When I speak to a group of pre-retirees, I only have to say, "imagine Sunday evenings," and then pause a few seconds, to trigger a wave of laughter and sighs from the participants. Instantly people understand the wonderful feeling of approaching a new week without facing impossible deadlines, micro-managing supervisors, stressful commutes, etc.
By the time we've been in the workplace for 30+ years, most of us are more than ready to give up these unfavorable aspects of employment. But there's one lingering characteristic about work that is difficult to let go—our work identity. We become so attached to our work role that we don't know who we are without work. This can be a real problem when adjusting to retirement.
Think back to the workplace for a minute. We're all familiar with the annual job performance review—an evaluation of how we measure up to our stated goals and objectives. Now I invite you to think of another type of performance review—your eulogy. One strategy that might help to release some of your attachment to the work role is to fast-forward to your final performance review.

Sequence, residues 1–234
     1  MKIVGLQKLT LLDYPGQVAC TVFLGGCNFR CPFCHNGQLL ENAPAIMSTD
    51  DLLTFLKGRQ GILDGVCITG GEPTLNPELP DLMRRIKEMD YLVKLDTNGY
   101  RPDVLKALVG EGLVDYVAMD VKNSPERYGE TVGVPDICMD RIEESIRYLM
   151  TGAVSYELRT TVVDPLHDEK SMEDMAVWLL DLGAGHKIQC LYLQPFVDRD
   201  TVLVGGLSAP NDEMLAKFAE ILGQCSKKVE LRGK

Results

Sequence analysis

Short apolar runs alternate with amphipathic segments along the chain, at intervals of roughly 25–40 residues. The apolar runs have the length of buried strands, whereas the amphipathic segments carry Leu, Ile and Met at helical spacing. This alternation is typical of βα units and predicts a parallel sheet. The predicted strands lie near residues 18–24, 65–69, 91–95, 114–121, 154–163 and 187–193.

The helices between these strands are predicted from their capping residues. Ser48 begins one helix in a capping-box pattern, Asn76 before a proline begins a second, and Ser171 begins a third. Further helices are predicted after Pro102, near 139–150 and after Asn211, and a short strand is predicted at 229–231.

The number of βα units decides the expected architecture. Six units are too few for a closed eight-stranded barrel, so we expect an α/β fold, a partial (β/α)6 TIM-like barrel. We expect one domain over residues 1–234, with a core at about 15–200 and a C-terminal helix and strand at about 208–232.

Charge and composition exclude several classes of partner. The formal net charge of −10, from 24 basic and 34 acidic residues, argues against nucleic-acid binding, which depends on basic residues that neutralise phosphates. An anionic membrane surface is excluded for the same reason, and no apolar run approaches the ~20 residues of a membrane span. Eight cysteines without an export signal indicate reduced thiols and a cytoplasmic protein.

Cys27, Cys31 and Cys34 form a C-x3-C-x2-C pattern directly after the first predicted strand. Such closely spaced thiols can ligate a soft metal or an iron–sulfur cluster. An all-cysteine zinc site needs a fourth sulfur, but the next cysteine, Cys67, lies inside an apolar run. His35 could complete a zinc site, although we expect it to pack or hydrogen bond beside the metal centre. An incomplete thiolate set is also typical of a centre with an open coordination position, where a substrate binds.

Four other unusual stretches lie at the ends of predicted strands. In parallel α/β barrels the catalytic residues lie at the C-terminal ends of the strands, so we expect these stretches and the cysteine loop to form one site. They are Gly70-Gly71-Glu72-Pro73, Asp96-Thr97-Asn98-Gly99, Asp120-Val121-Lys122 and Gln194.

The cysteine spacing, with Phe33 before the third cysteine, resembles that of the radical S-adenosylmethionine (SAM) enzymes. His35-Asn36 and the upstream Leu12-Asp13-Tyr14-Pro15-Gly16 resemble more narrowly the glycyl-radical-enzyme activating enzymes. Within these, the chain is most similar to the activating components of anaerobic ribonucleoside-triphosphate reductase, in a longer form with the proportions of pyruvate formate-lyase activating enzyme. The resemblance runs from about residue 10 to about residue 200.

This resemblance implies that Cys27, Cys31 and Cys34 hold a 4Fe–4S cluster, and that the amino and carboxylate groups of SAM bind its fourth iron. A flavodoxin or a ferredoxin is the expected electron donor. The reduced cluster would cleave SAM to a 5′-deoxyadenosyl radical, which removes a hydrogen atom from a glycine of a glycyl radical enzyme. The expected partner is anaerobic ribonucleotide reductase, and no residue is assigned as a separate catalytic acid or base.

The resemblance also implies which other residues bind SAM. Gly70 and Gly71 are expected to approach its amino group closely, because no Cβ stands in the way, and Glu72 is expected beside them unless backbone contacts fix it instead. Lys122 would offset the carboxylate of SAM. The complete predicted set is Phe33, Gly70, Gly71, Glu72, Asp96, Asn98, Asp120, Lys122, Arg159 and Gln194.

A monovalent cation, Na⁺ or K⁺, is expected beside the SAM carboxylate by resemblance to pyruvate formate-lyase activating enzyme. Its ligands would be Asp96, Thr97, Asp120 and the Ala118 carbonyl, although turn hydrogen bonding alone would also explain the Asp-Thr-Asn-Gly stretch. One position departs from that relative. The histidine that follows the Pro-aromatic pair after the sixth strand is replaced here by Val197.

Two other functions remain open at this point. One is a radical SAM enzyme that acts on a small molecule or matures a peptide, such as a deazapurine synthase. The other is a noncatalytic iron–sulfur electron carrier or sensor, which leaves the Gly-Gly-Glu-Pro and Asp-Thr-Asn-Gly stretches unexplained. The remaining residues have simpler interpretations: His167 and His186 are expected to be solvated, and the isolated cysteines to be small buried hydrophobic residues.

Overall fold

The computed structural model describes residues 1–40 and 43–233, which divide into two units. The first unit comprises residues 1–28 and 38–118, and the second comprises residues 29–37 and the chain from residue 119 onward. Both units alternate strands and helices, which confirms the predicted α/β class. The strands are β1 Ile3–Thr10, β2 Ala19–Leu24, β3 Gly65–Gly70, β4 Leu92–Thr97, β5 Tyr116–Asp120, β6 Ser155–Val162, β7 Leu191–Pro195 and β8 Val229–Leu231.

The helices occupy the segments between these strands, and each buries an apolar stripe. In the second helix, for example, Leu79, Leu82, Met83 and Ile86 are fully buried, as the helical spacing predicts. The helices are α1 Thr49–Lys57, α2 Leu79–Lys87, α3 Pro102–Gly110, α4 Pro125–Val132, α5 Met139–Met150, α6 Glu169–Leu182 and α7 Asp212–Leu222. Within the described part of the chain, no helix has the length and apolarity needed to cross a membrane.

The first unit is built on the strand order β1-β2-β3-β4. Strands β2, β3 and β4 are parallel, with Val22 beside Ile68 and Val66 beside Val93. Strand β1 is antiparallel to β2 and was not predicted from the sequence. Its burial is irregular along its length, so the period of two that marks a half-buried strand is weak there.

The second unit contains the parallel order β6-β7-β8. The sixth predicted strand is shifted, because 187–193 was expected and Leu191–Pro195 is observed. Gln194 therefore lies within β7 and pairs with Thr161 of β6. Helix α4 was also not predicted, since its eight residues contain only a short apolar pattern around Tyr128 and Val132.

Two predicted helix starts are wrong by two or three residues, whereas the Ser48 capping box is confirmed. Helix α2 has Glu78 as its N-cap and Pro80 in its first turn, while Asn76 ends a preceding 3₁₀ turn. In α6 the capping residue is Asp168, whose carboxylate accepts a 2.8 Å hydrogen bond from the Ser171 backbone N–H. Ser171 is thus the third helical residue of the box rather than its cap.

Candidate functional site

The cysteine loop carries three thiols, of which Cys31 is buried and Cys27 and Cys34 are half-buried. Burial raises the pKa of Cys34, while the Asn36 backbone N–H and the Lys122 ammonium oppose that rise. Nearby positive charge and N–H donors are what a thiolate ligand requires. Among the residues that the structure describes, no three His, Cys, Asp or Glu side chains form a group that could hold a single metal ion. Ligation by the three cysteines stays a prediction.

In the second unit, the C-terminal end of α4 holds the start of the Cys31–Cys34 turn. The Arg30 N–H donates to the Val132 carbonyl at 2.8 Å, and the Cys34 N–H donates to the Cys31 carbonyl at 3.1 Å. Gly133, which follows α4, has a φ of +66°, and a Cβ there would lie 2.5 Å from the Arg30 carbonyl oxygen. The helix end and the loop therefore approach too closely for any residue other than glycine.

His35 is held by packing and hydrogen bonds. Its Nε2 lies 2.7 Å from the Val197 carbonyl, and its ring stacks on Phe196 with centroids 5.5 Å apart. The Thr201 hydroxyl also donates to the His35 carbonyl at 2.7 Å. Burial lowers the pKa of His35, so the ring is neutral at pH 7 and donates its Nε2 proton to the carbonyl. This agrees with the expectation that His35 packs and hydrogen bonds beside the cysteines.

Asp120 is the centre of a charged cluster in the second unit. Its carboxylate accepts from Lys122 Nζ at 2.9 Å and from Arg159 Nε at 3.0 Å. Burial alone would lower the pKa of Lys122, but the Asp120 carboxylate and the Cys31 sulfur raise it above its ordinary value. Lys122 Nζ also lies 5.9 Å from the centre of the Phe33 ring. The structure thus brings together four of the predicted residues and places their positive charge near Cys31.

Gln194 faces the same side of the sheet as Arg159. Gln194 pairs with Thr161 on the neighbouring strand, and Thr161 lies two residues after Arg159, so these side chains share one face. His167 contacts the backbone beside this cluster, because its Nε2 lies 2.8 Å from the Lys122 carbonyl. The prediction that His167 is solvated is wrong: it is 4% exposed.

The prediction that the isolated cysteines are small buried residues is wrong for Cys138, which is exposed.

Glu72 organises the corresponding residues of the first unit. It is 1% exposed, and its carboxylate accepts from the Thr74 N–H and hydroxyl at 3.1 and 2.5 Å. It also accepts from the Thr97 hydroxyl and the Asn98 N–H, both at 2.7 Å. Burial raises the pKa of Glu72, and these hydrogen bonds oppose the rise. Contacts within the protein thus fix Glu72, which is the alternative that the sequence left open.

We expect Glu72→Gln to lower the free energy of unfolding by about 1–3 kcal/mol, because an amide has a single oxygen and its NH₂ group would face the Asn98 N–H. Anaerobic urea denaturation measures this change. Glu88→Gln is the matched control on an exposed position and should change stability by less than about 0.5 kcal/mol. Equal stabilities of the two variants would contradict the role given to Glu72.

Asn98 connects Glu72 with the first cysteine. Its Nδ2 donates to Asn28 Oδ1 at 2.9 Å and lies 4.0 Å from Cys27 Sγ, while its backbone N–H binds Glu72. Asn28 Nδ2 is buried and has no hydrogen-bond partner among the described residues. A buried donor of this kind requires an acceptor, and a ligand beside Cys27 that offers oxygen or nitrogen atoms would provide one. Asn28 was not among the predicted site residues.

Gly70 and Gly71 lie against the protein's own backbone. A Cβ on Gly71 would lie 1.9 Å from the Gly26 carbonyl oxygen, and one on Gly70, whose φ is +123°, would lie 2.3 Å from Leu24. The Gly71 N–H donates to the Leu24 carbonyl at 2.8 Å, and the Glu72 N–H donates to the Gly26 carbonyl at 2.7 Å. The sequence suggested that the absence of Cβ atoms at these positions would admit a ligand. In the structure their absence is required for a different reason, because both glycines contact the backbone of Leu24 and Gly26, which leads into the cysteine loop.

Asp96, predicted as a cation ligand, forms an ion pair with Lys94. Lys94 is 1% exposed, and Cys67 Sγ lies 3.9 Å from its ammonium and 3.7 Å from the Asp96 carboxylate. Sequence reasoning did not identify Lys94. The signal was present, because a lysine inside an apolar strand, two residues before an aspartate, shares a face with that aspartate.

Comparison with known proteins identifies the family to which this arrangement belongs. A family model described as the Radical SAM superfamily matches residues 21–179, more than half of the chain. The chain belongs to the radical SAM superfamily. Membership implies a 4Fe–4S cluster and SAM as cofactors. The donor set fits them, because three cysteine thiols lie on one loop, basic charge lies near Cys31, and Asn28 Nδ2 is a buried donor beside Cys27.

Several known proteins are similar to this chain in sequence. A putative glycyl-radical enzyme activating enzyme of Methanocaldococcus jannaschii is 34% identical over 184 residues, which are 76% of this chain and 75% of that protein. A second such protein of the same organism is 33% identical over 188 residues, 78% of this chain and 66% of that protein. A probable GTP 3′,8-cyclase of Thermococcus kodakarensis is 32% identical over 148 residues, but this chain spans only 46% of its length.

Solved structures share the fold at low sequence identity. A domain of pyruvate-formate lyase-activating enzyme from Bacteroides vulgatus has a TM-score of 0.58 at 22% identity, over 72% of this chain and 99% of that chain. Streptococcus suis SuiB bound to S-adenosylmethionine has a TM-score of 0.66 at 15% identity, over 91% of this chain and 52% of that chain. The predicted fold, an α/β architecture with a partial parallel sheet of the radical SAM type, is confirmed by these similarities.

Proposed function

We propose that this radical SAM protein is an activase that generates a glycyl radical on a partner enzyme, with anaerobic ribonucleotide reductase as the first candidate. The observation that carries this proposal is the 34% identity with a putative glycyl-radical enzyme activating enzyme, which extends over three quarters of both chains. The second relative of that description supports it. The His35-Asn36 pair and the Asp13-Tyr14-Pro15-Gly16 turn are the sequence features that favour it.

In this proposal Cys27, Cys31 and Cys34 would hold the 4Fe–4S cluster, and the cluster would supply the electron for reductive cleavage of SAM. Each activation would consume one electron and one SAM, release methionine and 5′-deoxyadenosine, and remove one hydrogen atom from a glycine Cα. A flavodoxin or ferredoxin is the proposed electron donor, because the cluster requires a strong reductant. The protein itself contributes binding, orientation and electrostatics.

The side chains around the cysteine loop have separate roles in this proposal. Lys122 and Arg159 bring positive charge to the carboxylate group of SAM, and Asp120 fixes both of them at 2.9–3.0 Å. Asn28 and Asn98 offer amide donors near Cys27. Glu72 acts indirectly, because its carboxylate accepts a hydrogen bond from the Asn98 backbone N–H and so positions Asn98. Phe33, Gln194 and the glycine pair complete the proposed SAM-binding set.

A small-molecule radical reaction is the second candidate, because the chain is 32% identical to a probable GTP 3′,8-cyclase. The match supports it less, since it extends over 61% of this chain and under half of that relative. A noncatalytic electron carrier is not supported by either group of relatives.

What's important to people when they face death? Do they focus on their accomplishments or do they talk about the little things? As Arianna Huffington says in her book, Thrive: The Third Metric to Redefining Success and Creating a Life of Well-Being, Wisdom, and Wonder, “Our eulogies are always about the other [non-work] stuff: what we gave, how we connected, how much we meant to our family and friends, small kindnesses, lifelong passions, and the things that made us laugh.”
How do you want to live on in the “minds and hearts of others?”
If we can acknowledge that work is a role—a role that will require less of our time in retirement—then we’re free to examine other roles. It’s often these other roles by which we will be remembered in the final performance review.
Copyright 2017. Patrice Jenkins. All Rights Reserved.